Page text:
Federal court orders 'Frasier' star to pay more than $2 million in commissions
Tuesday, April 30th 2002, 12:00 am
By: News On 6
SAN FRANCISCO (AP) _ Kelsey Grammer and his production company, Grammnet Inc., must pay more than $2 million in unpaid commissions to a former talent agency, a federal appeals court ruled.
A three-judge panel of the 9th U.S. Circuit Court of Appeals on Monday affirmed a lower court's ruling ordering the star of NBC's ``Frasier'' to settle debts with The Artists Agency, a Los Angeles-based talent company which represented him during the 1980s and 1990s.
``Although I am disappointed with the result, we will always fight for what we feel is right,'' Grammer said Monday through a spokesman. He's considering whether to appeal.
The case developed from debate over when the agency's contract ended with Grammer, a three-time Emmy winner and one of television's highest paid stars.
Grammer renegotiated his contract with Artists in 1995, noting the agency failed to secure him any motion picture projects. His two most significant projects, ``Frasier'' and NBC's ``Cheers,'' also were not obtained through the agency.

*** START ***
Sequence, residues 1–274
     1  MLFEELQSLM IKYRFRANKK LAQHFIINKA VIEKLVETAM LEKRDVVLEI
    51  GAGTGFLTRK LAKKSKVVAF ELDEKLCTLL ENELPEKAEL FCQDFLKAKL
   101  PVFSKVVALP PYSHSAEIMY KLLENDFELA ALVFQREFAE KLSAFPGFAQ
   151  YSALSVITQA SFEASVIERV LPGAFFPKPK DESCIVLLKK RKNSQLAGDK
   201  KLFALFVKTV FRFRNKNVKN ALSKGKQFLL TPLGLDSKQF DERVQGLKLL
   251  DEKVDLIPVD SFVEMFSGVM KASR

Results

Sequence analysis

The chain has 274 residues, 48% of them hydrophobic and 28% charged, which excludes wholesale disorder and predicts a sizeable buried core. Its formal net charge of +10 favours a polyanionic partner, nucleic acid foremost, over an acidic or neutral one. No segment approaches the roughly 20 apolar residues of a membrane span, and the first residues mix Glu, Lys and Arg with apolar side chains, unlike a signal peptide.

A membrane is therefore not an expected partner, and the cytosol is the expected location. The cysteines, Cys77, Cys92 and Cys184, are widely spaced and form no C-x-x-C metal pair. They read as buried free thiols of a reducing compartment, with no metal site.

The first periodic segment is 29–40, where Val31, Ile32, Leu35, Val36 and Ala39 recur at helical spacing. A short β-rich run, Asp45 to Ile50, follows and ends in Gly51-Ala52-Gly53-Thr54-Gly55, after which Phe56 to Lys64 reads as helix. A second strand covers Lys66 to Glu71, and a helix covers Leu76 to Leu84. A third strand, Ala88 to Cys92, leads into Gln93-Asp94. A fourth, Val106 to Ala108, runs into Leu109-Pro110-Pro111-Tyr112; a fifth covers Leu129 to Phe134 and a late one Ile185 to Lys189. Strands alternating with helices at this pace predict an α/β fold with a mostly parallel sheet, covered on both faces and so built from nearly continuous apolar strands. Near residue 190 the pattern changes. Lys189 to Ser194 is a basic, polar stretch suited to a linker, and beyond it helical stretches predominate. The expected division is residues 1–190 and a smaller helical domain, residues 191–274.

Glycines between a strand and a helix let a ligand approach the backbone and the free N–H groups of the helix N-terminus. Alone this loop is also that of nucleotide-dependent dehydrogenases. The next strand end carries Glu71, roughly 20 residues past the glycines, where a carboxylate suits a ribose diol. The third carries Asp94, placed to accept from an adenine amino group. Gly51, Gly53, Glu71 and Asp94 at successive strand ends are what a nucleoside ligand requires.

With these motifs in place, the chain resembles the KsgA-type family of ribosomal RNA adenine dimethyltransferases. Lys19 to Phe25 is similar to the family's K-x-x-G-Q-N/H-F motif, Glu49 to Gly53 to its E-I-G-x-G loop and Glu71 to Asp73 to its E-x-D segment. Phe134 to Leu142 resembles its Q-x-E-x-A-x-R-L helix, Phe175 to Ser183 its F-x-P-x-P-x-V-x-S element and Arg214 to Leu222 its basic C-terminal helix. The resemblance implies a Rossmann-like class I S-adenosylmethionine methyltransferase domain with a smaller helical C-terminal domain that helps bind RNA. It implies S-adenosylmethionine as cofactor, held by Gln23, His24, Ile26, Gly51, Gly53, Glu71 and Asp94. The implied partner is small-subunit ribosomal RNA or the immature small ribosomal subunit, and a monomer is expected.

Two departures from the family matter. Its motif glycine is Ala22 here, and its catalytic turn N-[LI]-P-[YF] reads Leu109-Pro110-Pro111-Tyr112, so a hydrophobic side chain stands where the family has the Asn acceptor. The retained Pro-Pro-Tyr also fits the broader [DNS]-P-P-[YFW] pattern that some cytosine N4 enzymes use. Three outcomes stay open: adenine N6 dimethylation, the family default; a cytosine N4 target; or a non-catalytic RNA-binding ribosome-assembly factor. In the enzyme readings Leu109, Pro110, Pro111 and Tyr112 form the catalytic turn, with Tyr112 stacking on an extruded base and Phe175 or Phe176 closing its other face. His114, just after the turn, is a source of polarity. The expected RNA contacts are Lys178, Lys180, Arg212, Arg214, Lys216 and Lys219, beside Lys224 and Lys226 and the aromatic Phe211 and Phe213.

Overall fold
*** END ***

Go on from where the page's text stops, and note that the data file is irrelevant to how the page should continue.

The new agreement extended Grammer's television and commercial obligations with the agency by two years, but allowed him to arrange his own movie deals.
A year later, the 47-year-old actor ended his relationship with Artists, and stopped paying commissions in August 1998. He told the Screen Actors Guild the 1995 contract was void because it violated an industry collective bargaining agreement.
A SAG arbitration panel agreed that the contract varied from bargaining rules, but determined it was valid, saying Grammer's attorney had waived objections by accepting the contract for her client.
A U.S. District Court judge agreed, prompting Grammer's appeal. On Monday, the appeals court upheld that agreement.
Marcia Harris, an attorney representing Artists, said it's uncommon for actors to refuse to accept arbitration verdicts from SAG.
``I think in every instance there is ample law to support upholding an arbitration law like this, that is reasonably based upon the agreement they were interpreting,'' Harris said.
Grammer's attorney, Marty Singer, said his client was trying to get the union to abide by its rules, not trying to get out of a contract on a technicality.
Singer said in a statement that ``the court's decision unfortunately allows the talent agency to collect commissions under a contract that doesn't follow the union's own rules.''